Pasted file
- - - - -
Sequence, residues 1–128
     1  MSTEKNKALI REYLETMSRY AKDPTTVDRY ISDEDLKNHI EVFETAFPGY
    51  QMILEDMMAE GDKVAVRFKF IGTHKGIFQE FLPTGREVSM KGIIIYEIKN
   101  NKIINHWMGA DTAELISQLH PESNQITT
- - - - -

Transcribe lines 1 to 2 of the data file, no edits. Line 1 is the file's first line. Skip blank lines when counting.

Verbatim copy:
Sequence, residues 1–128
     1  MSTEKNKALI REYLETMSRY AKDPTTVDRY ISDEDLKNHI EVFETAFPGY